1.8 The Health Boards (Membership and Elections) (Scotland) Act introduced direct elections to the Health Boards. It did so by allowing the Scottish Government to pilot direct elections to two of the territorial Health Boards, namely NHS Dumfries and Galloway and NHS Fife. The Act and supporting regulations required that
- Direct elections be held for new Non-Executive Directors
- These new members, together with Councillors nominated by Local Authorities and appointed by Ministers, form the majority of the members on each Health Board.
- All voting in the elections be postal
- The elections use the Single Transferable Vote system and the whole of each Health Board area form a single electoral ward
- The franchise be extended to include 16 and 17 year olds in the pilot areas
- Candidates' campaign spending was limited to £250 each
1.9 In effect, these rules meant that NHS Dumfries and Galloway needed ten new elected members while NHS Fife needed twelve. The appointment of the Chair of each Health Board would continue to be a Ministerial one following the standard public appointment process. The Health Boards would remain accountable to Ministers and be required to comply with regulations and Ministerial directions.
1.10 Notices of election were to be published between the 15th and 22nd of April 2010. Members of the public were then able to put themselves forward as candidates for election until the 6th of May 2010. Candidates needed to live or work in the Board area, and a few senior NHS Executives and staff working closely with the Board were not able to seek election, but otherwise the eligibility criteria were similar to those for candidates for election to the Scottish Parliament or Local Councils. Between the 8th and 13th of May, Returning Officers in the pilot areas issued voting packs to eligible electors. The packs contained their ballot paper plus a booklet of 250-word candidate statements from each person seeking election. The poll closed at 4pm on 10 June 2010.
1.11 During the passage of the bill, Scottish Ministers also agreed to two alternative pilot schemes. These were to attempt to enhance the existing public appointment processes and increase the diversity of candidates applying to become members of Health Boards without direct elections. The alternative pilots were assigned to NHS Grampian and NHS Lothian. These Boards were each given two new Non-Executive Director posts, and the number of Executive Directors who were formal members of the Board was to be reduced. The Boards were to be allowed to innovate in the recruitment of applicants for these new non-executive positions, but the selection process was to follow Office of the Commissioner for Public Appointments in Scotland (OCPAS) guidelines.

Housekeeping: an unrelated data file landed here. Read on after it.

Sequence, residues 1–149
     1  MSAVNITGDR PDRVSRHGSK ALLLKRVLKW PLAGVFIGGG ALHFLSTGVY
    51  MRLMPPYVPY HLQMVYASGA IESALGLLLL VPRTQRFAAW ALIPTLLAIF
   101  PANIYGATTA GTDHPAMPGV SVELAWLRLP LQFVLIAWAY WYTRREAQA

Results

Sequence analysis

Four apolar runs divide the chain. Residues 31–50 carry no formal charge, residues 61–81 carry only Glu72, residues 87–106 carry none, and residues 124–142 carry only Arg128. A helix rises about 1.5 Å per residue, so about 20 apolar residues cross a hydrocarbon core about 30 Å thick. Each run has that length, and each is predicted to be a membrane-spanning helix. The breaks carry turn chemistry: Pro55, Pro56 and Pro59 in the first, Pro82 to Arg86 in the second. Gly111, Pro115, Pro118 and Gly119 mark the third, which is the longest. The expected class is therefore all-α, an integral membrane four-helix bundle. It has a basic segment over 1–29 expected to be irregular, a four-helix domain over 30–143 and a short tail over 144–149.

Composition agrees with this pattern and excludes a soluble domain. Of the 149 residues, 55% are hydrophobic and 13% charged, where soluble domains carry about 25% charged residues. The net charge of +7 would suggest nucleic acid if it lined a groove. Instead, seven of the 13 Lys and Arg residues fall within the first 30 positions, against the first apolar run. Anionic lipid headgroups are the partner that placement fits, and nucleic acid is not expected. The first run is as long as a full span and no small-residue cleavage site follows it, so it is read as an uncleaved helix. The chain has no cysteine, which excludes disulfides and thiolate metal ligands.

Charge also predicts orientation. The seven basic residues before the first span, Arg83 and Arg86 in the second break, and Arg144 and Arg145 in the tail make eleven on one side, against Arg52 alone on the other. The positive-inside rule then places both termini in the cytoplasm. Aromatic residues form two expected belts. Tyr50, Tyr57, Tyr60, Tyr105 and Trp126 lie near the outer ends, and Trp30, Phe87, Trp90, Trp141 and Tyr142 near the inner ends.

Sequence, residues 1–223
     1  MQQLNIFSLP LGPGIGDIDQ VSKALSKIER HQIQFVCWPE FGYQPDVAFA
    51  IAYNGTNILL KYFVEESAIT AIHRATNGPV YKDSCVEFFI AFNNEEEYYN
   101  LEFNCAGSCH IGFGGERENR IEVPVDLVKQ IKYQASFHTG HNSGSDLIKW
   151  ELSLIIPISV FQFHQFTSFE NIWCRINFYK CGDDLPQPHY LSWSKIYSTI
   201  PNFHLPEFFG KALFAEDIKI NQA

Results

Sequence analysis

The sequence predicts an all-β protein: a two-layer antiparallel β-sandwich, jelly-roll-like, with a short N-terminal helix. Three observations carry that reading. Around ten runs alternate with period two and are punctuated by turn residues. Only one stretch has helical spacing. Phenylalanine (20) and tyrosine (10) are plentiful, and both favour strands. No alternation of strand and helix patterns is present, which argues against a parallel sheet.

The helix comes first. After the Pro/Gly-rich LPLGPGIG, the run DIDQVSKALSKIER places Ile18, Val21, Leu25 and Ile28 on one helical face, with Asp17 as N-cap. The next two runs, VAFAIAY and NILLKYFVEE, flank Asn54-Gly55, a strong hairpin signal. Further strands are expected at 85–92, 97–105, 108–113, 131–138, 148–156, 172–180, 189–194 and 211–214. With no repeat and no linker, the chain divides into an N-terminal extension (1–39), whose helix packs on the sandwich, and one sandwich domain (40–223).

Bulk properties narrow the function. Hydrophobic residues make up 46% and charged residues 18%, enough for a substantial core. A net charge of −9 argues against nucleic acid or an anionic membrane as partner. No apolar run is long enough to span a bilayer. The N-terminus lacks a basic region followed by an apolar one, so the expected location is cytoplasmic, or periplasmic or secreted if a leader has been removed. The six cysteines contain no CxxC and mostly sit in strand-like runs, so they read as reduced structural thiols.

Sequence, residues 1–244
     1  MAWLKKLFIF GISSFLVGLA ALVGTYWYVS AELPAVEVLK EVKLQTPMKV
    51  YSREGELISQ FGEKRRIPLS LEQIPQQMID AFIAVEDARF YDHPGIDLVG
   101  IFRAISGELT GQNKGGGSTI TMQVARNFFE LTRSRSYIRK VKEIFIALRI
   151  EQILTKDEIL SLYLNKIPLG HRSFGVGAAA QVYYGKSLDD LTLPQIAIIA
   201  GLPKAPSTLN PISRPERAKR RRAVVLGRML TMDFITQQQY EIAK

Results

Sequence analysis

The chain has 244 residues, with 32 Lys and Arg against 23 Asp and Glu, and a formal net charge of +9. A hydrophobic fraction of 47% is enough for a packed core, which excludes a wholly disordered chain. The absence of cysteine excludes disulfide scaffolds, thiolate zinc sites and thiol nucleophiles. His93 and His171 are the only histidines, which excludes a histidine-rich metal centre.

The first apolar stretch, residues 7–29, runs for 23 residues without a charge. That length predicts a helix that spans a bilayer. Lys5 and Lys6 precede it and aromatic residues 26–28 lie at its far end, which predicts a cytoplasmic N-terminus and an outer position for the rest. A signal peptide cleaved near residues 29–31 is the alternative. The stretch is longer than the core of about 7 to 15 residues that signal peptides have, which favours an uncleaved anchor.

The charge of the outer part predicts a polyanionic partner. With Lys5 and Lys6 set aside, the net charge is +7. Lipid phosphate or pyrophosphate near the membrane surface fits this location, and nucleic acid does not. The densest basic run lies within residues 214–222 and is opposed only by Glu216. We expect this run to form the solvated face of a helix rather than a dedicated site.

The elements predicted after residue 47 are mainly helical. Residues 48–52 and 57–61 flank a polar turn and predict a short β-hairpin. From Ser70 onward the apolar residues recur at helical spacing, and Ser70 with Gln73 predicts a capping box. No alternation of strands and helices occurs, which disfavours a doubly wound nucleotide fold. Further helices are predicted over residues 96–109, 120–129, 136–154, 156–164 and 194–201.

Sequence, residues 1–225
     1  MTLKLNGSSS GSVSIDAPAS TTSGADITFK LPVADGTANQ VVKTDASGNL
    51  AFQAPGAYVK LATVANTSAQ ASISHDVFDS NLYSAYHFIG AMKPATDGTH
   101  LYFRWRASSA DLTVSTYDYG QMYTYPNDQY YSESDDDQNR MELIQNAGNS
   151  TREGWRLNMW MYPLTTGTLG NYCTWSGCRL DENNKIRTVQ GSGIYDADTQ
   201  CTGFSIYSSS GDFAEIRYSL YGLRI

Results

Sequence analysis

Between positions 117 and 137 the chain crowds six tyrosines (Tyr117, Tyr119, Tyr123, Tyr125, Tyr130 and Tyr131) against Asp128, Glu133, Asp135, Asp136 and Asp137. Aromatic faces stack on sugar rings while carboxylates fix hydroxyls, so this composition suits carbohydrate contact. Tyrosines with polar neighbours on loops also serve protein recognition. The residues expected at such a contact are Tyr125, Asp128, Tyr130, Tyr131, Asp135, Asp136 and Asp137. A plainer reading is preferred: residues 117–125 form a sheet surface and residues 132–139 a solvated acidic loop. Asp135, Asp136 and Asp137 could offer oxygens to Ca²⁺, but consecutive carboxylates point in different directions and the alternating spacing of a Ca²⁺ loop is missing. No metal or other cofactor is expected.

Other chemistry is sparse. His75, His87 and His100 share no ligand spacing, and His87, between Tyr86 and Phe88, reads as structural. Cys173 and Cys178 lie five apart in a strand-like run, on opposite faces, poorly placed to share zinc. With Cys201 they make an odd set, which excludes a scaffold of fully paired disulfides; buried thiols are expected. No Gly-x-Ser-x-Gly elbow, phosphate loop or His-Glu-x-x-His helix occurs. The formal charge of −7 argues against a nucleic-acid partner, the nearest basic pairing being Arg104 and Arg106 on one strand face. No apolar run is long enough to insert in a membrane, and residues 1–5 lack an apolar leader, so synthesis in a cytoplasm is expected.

1.12 The Act stipulates that the pilots must be evaluated, and a report on the evaluation laid before Parliament, before any decisions can be taken on whether any of the pilots will be rolled out across Scotland. The evaluation was commissioned by the Scottish Government in January 2010 and undertaken by a consortium which included London School of Economics Enterprises and the University of St Andrews. This report summarises the evaluation methods and results.
The report starts with a methods section (chapter 2) in which we lay out how we have responded to each of the aims of this statutory evaluation. In chapter 3 we explore how the elected and alternative pilots worked in practice. Starting with the elected pilots we cover the demographics of candidates and those elected, review data on turnout rates including comparing it to general election rates. We also here detail the processes involved in the alternative pilots. Chapter 4 explores the costs of these pilot schemes and seeks to extrapolate to a national level should the parliament decide to proceed with their more widespread introduction. Chapter 5 explores the impact that these pilots have had on the functioning of NHS boards. In chapter 6 we present suggestions for improving the pilots should they be rolled out and in chapter 7 we conclude by looking at the relative advantages and disadvantages of each approach.
Email: Fiona Hodgkiss